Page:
For a number of years, I was (and always will be) always very curious about the statement which I saw on signs and bumper stickers, “If You Want Peace, Work for Justice.” Scratching my head over this statement, I had two problems: 1) unclear definitions of the terms (well, I kind of understood what the term, “peace” meant), and 2) the seeming disconnect between the two. So, since I needed more work on the term, “justice”, I looked at several dictionary sources for some academic –type definitions, but I still knew that something was missing. I would dare say that most folks in our society generally equate the word with retribution and revenge. However, as the Spirit would have it, I had the great fortune of hearing an expert on social justice teaching speak in my area several years ago, who explained this concept with a different angle. He stated that the Christian notion (and, I might add, that of all of the world’s great religions) of justice is “the ‘righting’ of relationships.” Well, a light came on for me at that point – a moment of greater clarity. That experience assisted me in understanding thishands-on-globe-diversity[1] shift from retributive to restorative justice. Unless all are treated fairly and with love, there can be no peace. When dealing with human beings of all stripes, I am aware that this can be challenging at times; yet I feel in my heart of hearts that this must be done. So, that is why I am blogging here with all of you: to be with fellow seekers and to challenge myself to get to the ever-deeper meaning of what it means to love and act justly.

What’s this all about?

I’ve been giving this blogging thing lots of thought: 1) in what manner should I articulate my thoughts and, 2) to whom am I writing and what would we discuss? Who would I like to have in my list of faithful readers? Who would even be interested?

Gentle rainThe answer to #1 came a couple of days ago during the early morning hours as I was preparing to engage in an important component of my morning ritual, which is centering prayer. As dawn was breaking, it was accompanied by a slow, comforting, soothing rain. Yes, I thought, this is how I wish to express myself – like a gentle rain which slowly soaks into the soil, helping to sustain life. Rather than communicating my bull-in-china-shop-iclip[1]thoughts like a hurricane, bulldozer, or the proverbial “bull in a china shop”, I hope that my words and ideas will gently soak into the very soul of the reader, providing nourishment, solace, peace, and fruitfulness. Of course, my words may also challenge the reader to think about life’s issues in a new way (maybe an occasional downpour?).

Now, what about question #2? Most certainly, I would be willing to share my thoughts with anyone who is willing to read my words. However, as I mentioned in my first entry, I really hope to be able to connect with kindred spirits: those who thirst for a non-violent, just world where all are welcome at the table; fellow contemplatives who are unafraid to meet the world as it is and to integrate one’s spirituality with these realities; and those who are interested in growing and evolving as a whole person through studying different types of spirituality, prayer forms and through civil discourse diversity[1]about issues for which we have a passion. Yes, this list will evolve as this blog and I continue to evolve.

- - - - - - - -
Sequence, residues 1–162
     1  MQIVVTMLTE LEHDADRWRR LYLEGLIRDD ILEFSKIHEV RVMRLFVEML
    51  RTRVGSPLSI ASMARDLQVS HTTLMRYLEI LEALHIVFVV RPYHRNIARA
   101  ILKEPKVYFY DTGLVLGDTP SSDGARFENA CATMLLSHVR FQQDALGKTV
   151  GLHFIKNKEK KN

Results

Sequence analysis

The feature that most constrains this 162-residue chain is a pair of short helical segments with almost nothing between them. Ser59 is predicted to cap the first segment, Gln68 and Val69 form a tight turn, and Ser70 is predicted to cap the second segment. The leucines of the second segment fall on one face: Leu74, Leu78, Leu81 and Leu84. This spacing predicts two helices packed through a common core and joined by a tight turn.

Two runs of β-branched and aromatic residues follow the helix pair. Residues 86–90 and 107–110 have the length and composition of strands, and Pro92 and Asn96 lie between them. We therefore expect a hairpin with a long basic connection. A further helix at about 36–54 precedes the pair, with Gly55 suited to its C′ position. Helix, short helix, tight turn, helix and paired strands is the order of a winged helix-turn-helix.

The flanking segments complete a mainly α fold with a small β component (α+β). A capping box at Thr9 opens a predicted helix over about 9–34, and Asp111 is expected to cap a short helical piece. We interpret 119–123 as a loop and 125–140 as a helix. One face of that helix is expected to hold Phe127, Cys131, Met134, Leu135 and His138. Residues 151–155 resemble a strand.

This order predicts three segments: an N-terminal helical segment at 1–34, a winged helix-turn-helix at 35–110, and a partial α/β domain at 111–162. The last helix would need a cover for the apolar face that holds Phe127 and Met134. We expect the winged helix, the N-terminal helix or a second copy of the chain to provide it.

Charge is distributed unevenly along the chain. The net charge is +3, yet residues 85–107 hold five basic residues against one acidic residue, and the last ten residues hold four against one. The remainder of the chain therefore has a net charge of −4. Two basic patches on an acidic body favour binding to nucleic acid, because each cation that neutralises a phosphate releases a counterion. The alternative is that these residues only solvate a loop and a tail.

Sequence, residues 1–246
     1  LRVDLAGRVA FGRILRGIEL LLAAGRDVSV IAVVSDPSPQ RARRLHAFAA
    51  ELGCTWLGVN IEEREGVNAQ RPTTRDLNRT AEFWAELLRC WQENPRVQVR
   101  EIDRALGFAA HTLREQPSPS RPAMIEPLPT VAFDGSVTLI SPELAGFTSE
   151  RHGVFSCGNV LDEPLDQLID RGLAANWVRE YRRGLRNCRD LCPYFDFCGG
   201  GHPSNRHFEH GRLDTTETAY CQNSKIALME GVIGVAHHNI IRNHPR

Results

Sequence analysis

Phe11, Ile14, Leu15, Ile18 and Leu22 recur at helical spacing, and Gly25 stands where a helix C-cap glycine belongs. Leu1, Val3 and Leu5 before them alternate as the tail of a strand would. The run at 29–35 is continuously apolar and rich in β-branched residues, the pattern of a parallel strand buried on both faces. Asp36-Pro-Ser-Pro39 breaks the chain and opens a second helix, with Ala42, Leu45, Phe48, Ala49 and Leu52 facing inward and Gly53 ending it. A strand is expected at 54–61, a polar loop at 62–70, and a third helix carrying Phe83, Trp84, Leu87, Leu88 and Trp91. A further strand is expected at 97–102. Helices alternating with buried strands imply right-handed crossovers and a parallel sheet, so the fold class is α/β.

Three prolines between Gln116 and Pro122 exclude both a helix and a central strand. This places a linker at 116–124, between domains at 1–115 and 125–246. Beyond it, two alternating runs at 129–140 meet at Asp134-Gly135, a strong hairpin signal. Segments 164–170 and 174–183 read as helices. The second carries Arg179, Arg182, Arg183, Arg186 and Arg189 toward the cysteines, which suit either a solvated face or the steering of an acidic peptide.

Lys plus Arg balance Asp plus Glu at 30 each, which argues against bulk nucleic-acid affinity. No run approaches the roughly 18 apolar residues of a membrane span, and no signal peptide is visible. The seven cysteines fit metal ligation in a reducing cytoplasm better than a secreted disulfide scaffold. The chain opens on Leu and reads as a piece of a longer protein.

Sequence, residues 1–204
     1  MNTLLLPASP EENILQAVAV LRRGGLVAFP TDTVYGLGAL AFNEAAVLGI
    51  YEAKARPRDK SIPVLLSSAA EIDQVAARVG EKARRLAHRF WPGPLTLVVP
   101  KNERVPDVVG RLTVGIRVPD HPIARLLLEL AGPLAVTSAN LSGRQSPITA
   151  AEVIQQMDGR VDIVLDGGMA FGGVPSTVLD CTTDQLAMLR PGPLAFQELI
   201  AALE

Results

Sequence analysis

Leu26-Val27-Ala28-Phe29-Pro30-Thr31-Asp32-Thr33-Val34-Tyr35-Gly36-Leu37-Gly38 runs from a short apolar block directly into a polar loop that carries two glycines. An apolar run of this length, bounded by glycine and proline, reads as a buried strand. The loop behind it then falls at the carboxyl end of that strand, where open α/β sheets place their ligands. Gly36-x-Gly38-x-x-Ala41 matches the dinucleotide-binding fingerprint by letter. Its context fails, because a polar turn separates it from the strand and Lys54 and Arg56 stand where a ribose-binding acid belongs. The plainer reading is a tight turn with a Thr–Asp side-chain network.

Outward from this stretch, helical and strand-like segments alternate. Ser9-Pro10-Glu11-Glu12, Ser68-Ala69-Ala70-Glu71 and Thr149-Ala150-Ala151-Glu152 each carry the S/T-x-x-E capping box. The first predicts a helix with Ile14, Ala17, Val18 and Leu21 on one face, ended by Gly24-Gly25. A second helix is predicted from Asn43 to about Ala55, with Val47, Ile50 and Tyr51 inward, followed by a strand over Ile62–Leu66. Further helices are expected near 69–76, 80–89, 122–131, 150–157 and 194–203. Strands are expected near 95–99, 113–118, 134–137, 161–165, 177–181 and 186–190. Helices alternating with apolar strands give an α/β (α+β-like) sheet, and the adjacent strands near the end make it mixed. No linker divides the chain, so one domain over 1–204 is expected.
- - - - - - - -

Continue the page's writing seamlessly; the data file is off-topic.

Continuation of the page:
So, any takers???

Let’s Get this Going!

I’ve been toying with the idea of starting a professional blog for some time. (There are several recent events which nudged me toward making this final decision, which I may share with you in the near future.) For those of you who have followed me before, I actually do have another blog which I utilize from time to time when I go overseas to take participate in an international agricultural development project – mostly to keep friends and family apprised of my whereabouts and to provide some reflections. I really enjoy doing it, and it serves as a great way for me to digest the events of the day. However, this one will be different, because it will (hopefully, perhaps) go into perpetuity as the new chapters in my life and career continue to unfold. So . . . here goes. . .

I also know (and this is my personal preference) that a blog entry should not go on for too long: short enough for the reader to not have to scroll down too much; so I’ll do my best to keep them brief and to the point (often difficult for a verbose person like me). To provide a quick introduction during this first voyage, I would like to let my readers know that I have a passion for social justice – working for the oppressed and voiceless. I hope to be able to connect with kindred spirits and to share our experiences. Perhaps I’ll also be able to educate other folks who may not be familiar with the notion of social justice on the things that I really care about (through a civil discourse, of course). You’ll see more details as this vPeace in sandenture evolves.

In closing, one may also wonder how I came up with the name of this blog: “Building Bridges . . . Building Peace”. I’ll give you a hint: “If you want peace, work for justice.” So, will you journey with me?

[OK, I can already sense Sr. Virginia Lee, who taught me much about writing in 8th grade at good old St. Francis Elementary School, sitting on my shoulder next to my ear, reminding me to “Rewrite and polish! Rewrite and polish!” I hope that I’ll make you proud, Sister.]

More to come . . .